Tuesday 06 August 2002
by Malcolm Prior
FOR 26 years Hampshire mum Anne Sinclair served as a nurse dedicated to helping hundreds of people through illness.
But the public health service she worked tirelessly for stands guilty of betraying her - for not funding the vital but costly medication the multiple sclerosis sufferer desperately needs.
Without the NHS cash, 50-year-old Anne has had to find £229 every month for the past year-and-a-half to pay for her weekly injections that fight off debilitating relapses for MS, a disease that strikes the central nervous system and has no known cure.
And the mother-of-two has been warned it could be yet another 18 months before she can have her drugs on the NHS.
Not surprisingly, Anne feels like she has been "kicked in the teeth" by the health service she put so much into.
Anne, of Worthy Down, Winchester, who became a nurse with the NHS when she was just 18 and went on to become a captain in the Queen Alexandra's Royal Army Nursing Corps, told the Daily Echo: "It really is a kick in the teeth. It's so annoying to hear the lies put out by the government, saying they are going to do something for these people. It's all so immoral.
"When I went to see my consultant he looked very, very despondent. He wanted to prescribe it for me but said the neurologists had not seen the funding yet."
The government had promised the money to all MS sufferers taking the controversial drug beta interferon back in February.
The drug had been criticised by medical experts for being too costly and of limited use while its variable availability across the country added fuel to claims that the NHS was running a "post code lottery".
Despite medical guidance that it should not be provided on the NHS, Whitehall announced a £50m pilot scheme that would allow up to 9,000 patients to claim funding for the drug.
Six months later, Anne - together with hundreds of other MS sufferers across Hampshire who meet the strict criteria needed to claim the cash help - has yet to see the money materialise.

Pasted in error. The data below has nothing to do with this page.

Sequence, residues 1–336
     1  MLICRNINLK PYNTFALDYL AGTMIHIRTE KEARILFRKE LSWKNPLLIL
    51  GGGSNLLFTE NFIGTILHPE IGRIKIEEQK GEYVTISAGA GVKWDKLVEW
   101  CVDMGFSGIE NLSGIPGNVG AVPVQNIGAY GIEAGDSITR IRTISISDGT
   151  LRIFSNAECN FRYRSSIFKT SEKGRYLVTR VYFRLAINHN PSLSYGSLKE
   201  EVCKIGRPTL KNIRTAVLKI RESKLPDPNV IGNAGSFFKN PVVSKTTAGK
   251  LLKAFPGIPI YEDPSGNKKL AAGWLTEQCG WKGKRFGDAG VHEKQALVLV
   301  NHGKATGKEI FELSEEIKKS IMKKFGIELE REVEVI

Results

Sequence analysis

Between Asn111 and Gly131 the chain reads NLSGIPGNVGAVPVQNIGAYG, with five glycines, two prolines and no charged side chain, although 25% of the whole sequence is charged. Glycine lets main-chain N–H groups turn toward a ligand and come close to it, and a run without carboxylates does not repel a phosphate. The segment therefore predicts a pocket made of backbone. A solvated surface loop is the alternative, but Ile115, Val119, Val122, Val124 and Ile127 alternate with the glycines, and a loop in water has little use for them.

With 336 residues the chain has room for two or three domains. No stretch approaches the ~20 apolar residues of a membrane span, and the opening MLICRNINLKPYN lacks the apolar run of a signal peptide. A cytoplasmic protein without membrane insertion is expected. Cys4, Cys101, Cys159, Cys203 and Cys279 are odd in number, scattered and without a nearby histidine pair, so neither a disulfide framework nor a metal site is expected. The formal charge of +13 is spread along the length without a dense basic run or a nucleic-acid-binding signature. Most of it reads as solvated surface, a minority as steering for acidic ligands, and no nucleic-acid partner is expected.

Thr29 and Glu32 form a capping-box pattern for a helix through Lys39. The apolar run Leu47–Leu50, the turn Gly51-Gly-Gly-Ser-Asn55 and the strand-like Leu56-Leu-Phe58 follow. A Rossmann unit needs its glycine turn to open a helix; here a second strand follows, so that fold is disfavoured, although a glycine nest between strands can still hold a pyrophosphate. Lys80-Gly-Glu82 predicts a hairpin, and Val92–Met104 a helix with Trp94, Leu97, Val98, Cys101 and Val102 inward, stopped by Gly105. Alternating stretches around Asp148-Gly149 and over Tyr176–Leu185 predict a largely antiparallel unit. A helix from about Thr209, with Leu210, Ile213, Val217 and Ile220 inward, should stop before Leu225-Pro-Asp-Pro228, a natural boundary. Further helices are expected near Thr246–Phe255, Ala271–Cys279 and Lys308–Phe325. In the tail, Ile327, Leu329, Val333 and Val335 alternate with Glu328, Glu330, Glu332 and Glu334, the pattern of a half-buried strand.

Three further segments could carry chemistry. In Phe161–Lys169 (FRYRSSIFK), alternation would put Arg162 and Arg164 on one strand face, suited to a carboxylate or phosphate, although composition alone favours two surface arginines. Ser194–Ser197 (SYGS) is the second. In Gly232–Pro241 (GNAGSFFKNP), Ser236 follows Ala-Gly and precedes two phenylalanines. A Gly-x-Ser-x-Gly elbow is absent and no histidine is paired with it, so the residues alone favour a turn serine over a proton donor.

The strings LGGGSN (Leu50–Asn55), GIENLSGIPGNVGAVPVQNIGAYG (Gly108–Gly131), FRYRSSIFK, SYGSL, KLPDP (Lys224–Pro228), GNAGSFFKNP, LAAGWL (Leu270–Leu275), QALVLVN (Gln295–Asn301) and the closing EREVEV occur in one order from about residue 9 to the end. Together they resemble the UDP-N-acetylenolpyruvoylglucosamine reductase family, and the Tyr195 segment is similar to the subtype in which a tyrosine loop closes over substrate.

It has only been with the help of two army charities that Anne, who was diagnosed with MS 20 years ago, has been able to keep using the drug.
She says it has kept her condition from deteriorating and has warded off the relapses that leave her unable to carry out the most basic of tasks.
"It has kept me on a plateau. That's the whole idea of the drug. It is not a cure. It is to keep us stable. I am no further disabled after 18 months," she said
A spokeswoman for Southampton General Hospital's Wessex Neurological Centre, which Anne has to visit every three months, said Hampshire's health authority chiefs were still in talks with the government over when the scheme will finally be introduced.
"There is a series of people speaking to each other to try to expedite this.
"My understanding is that those people who are currently paying for their treatment will get it on the NHS. However at the moment it's all being finalised.
"I do not know exactly where or how the funding is being split up. We are working to resolve this as soon as possible but we cannot say when it will happen," she said.
David Harrison, spokesman for the Multiple Sclerosis Society, urged health chiefs not to waste any more time in getting the scheme up and running.
But he warned that it could be another year-and-a-half before all eligible sufferers begin receiving their medication on the NHS.
Mr Harrison said: "The difficulty here is that there are problems in getting this scheme moving and getting the infrastructure set up.
"That's not all together surprising. It's not just a question of people
getting the drugs. They have to be monitored over a period of time so we
can get better information about the drug."
© Copyright 2002 Newsquest Media Group